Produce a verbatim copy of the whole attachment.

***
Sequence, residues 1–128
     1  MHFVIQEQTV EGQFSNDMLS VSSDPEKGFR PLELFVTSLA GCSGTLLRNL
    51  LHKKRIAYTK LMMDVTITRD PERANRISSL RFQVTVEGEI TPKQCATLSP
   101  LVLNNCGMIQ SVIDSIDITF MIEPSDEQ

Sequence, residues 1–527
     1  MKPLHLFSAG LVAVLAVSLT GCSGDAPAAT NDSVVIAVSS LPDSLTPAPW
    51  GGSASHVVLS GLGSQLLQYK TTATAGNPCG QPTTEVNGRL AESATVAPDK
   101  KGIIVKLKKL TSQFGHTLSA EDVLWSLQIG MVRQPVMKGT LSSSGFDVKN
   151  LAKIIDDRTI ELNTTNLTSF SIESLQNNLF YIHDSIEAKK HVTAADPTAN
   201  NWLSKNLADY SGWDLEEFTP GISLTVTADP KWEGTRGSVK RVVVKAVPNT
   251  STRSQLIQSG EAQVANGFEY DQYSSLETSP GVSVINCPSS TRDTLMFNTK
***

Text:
Sequence, residues 1–128
     1  MHFVIQEQTV EGQFSNDMLS VSSDPEKGFR PLELFVTSLA GCSGTLLRNL
    51  LHKKRIAYTK LMMDVTITRD PERANRISSL RFQVTVEGEI TPKQCATLSP
   101  LVLNNCGMIQ SVIDSIDITF MIEPSDEQ

Sequence, residues 1–527
     1  MKPLHLFSAG LVAVLAVSLT GCSGDAPAAT NDSVVIAVSS LPDSLTPAPW
    51  GGSASHVVLS GLGSQLLQYK TTATAGNPCG QPTTEVNGRL AESATVAPDK
   101  KGIIVKLKKL TSQFGHTLSA EDVLWSLQIG MVRQPVMKGT LSSSGFDVKN
   151  LAKIIDDRTI ELNTTNLTSF SIESLQNNLF YIHDSIEAKK HVTAADPTAN
   201  NWLSKNLADY SGWDLEEFTP GISLTVTADP KWEGTRGSVK RVVVKAVPNT
   251  STRSQLIQSG EAQVANGFEY DQYSSLETSP GVSVINCPSS TRDTLMFNTK